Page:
The first time I realized how shockingly different perspectives of the same situation can be was almost 35-years ago. I was in counseling, attempting to become un-codependent (pretty sure that’s not really a word, but you get my meaning) and my counselor suggested confronting my dad with my issues. Which were all his fault, of course. I took her advice and my dad looked at me like I was crazy. He said he had no idea what I was talking about. Of course, looking back on it now, he very well could have been in denial himself. He wasn’t incredibly healthy emotionally either. I wasn’t screwed up for no reason. The point is, his perspective was drastically different than mine. How could that be since we were both there? At the time, I was kinda shocked. Not one single one of my issues was validated through that conversation. It was like I imagined the whole thing!
I also discussed some of my issues with a couple of my siblings (I’m the oldest of 6) and while they did validate some of my issues, their perspectives were also very different. In 2008 a movie came out called “Vantage Point” starring Dennis Quaid and Forest Whitaker. It was a stunning example of exactly what I’m talking about. It’s the story of an assassination attempt as told from different perspectives. It’s really a good movie. If you haven’t seen it you might want to check it out.
How can different people present at the same event at the same time come away with different memories of what happened? I’ve seen it a hundred times since that conversation with my dad and it never ceases to amaze me. I know we’re all different and we all process things differently and sometimes it blows my mind just HOW differently.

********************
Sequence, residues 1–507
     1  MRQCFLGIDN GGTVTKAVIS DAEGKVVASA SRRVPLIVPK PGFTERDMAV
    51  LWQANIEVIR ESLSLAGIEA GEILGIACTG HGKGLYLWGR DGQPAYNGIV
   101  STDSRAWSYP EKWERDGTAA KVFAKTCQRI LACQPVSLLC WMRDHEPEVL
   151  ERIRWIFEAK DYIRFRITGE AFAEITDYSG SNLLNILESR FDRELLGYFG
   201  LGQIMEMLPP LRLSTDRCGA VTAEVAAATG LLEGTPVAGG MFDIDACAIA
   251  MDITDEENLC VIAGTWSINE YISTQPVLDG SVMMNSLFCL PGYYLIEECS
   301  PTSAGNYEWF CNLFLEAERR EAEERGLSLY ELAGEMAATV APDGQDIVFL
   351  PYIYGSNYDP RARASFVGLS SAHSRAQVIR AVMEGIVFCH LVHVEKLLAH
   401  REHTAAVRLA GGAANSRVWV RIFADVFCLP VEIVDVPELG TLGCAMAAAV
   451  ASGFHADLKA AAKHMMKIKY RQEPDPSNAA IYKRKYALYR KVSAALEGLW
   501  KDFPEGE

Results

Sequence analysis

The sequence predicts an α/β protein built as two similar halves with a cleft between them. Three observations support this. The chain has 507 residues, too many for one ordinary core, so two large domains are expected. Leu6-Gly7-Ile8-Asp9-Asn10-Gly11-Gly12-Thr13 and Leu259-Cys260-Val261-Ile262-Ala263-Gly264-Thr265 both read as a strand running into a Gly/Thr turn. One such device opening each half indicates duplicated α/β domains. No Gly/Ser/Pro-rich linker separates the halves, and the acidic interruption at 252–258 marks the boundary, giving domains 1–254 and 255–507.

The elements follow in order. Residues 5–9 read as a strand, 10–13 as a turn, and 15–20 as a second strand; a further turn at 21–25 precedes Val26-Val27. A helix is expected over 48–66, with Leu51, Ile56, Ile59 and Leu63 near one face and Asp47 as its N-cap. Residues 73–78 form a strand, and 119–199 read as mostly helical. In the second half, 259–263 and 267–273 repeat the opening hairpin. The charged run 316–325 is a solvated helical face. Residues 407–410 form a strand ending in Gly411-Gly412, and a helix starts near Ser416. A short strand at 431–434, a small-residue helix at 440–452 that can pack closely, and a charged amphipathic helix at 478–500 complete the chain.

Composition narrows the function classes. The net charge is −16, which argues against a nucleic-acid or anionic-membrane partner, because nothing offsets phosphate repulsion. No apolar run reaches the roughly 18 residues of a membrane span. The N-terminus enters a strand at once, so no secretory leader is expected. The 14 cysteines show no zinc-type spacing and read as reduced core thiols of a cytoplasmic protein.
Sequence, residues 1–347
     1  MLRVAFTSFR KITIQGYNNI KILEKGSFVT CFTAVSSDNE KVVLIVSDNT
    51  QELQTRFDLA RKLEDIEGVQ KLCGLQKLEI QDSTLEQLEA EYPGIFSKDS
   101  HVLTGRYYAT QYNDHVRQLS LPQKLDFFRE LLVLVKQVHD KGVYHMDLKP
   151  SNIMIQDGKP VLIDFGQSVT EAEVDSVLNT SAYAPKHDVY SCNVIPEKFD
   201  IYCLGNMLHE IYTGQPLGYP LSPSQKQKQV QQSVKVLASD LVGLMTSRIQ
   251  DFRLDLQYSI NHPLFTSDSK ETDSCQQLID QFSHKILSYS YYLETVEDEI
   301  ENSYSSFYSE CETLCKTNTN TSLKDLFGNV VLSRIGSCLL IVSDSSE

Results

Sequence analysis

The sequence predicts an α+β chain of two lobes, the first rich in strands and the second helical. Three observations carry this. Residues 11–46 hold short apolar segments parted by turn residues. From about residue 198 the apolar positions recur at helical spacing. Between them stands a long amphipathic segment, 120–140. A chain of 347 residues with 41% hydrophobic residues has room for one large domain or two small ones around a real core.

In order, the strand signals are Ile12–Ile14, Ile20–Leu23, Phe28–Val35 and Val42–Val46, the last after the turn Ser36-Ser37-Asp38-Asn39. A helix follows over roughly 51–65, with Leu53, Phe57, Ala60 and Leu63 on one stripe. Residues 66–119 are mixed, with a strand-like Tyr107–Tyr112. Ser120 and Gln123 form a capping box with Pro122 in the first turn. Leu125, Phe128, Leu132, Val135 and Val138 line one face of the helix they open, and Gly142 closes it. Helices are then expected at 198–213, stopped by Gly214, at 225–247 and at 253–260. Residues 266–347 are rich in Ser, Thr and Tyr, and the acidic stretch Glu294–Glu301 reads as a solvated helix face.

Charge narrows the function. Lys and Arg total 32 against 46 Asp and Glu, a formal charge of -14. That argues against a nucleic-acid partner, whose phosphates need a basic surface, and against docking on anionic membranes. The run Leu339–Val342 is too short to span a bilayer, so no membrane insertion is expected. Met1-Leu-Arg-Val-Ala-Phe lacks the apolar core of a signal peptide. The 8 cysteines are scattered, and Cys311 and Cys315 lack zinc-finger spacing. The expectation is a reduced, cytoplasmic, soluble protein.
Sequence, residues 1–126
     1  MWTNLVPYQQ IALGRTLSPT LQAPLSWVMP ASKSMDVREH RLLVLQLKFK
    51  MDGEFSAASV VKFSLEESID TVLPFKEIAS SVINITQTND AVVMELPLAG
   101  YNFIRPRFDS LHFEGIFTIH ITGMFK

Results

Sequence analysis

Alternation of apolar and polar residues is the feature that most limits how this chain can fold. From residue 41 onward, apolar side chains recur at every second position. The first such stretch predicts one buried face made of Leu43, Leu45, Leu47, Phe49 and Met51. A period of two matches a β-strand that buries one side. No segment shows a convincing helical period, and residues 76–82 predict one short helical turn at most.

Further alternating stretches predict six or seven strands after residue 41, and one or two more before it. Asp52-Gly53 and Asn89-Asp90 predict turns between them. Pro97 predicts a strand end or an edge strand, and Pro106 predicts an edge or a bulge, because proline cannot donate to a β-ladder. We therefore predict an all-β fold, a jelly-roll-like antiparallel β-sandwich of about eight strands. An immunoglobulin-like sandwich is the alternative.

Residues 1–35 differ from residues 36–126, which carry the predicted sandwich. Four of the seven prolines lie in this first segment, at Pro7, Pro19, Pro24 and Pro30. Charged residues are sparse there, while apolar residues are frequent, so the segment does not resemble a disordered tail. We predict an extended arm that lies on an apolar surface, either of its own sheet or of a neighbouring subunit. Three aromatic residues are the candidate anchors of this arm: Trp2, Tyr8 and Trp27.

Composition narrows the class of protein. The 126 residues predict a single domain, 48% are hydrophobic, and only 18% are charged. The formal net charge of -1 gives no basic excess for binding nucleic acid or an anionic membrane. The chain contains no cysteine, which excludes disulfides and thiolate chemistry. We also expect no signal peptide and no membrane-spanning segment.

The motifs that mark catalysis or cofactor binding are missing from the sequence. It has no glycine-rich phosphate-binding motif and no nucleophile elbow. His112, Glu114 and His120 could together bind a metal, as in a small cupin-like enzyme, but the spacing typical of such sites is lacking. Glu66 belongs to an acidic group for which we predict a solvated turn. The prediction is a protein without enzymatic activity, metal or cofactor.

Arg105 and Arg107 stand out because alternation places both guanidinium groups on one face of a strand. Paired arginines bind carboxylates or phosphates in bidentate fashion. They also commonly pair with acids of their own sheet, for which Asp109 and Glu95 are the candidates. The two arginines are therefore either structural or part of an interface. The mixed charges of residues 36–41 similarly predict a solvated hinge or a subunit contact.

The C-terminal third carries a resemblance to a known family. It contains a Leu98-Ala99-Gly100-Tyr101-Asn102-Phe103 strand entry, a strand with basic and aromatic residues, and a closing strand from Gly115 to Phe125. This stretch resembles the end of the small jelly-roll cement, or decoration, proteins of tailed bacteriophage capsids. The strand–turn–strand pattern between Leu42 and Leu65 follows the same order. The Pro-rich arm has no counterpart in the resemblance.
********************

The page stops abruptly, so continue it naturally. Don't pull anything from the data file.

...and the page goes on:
If anything, I’ve learned to accept that that’s just the way it is. Different people have different perspectives, and I think understanding that can help us to validate what others are thinking and feeling. The fact that someone remembers a situation differently than you do, they have a different take-away, doesn’t mean that their perspective is less valid than yours. It’s just different. Also, their thoughts and feelings as a result of that shared (yet different) experience are no less valid than yours.
I have been tempted many times to invalidate someone else’s perspective and try to convince them to adopt mine. Not only have I been tempted, but I’m sure that I have AT-tempted (emphasis, not a typo) it. I’ve probably said things like, “That’s crazy!” Or “Where on earth did you get that idea? I didn’t hear that.” You know, invalidating statements. I’ve also had those same things said TO me. Those words are not very edifying. I’m trying not to do that so much anymore.
I am doing my best to remember this whole perspectives thing when someone shares a different outlook on the same situation. I still share my perspective, but in a more respectful way. Remembering that God created this person I’m interacting with and that their opinions, thoughts, and feelings are just as important to them as mine are to me. I’m also not talking about people who suffer from any kind of psychosis. That’s above my pay grade. I’m talking about those who are in full control of their faculties.
We all want to be treated with respect. I believe that accepting that someone else’s perspective on a situation that we were both in is a step in that direction. It also makes for a more peaceful relationship when you’re not constantly trying to change each other’s experience. I think that’s futile anyway. No one has ever been able to change my experience of something – my mind on a matter, yes – my experience of something, no. As the saying goes, “It’s all a matter of perspective.”